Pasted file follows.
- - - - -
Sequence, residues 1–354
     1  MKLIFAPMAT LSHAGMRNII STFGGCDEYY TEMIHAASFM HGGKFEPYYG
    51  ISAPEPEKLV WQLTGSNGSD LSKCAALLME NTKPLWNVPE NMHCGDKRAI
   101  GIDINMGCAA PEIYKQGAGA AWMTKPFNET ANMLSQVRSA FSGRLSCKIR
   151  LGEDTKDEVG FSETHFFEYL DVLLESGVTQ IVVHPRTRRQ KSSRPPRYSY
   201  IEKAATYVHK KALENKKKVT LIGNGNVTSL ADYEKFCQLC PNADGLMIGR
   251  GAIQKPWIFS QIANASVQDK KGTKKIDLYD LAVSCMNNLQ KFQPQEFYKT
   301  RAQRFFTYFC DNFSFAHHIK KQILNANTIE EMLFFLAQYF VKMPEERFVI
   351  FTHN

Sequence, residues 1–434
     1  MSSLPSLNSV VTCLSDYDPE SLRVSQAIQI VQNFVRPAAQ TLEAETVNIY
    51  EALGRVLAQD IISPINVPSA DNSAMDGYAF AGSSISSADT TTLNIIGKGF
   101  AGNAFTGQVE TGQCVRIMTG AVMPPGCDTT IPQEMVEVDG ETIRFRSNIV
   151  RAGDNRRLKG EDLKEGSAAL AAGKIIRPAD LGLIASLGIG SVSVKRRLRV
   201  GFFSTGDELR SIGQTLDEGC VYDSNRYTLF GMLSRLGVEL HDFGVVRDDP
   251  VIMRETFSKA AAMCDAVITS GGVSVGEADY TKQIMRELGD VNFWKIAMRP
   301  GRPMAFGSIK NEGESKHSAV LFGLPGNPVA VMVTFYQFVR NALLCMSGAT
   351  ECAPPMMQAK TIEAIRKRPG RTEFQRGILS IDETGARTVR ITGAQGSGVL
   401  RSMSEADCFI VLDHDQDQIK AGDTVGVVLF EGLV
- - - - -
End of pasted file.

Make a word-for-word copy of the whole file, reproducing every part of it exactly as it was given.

Sequence, residues 1–354
     1  MKLIFAPMAT LSHAGMRNII STFGGCDEYY TEMIHAASFM HGGKFEPYYG
    51  ISAPEPEKLV WQLTGSNGSD LSKCAALLME NTKPLWNVPE NMHCGDKRAI
   101  GIDINMGCAA PEIYKQGAGA AWMTKPFNET ANMLSQVRSA FSGRLSCKIR
   151  LGEDTKDEVG FSETHFFEYL DVLLESGVTQ IVVHPRTRRQ KSSRPPRYSY
   201  IEKAATYVHK KALENKKKVT LIGNGNVTSL ADYEKFCQLC PNADGLMIGR
   251  GAIQKPWIFS QIANASVQDK KGTKKIDLYD LAVSCMNNLQ KFQPQEFYKT
   301  RAQRFFTYFC DNFSFAHHIK KQILNANTIE EMLFFLAQYF VKMPEERFVI
   351  FTHN

Sequence, residues 1–434
     1  MSSLPSLNSV VTCLSDYDPE SLRVSQAIQI VQNFVRPAAQ TLEAETVNIY
    51  EALGRVLAQD IISPINVPSA DNSAMDGYAF AGSSISSADT TTLNIIGKGF
   101  AGNAFTGQVE TGQCVRIMTG AVMPPGCDTT IPQEMVEVDG ETIRFRSNIV
   151  RAGDNRRLKG EDLKEGSAAL AAGKIIRPAD LGLIASLGIG SVSVKRRLRV
   201  GFFSTGDELR SIGQTLDEGC VYDSNRYTLF GMLSRLGVEL HDFGVVRDDP
   251  VIMRETFSKA AAMCDAVITS GGVSVGEADY TKQIMRELGD VNFWKIAMRP
   301  GRPMAFGSIK NEGESKHSAV LFGLPGNPVA VMVTFYQFVR NALLCMSGAT
   351  ECAPPMMQAK TIEAIRKRPG RTEFQRGILS IDETGARTVR ITGAQGSGVL
   401  RSMSEADCFI VLDHDQDQIK AGDTVGVVLF EGLV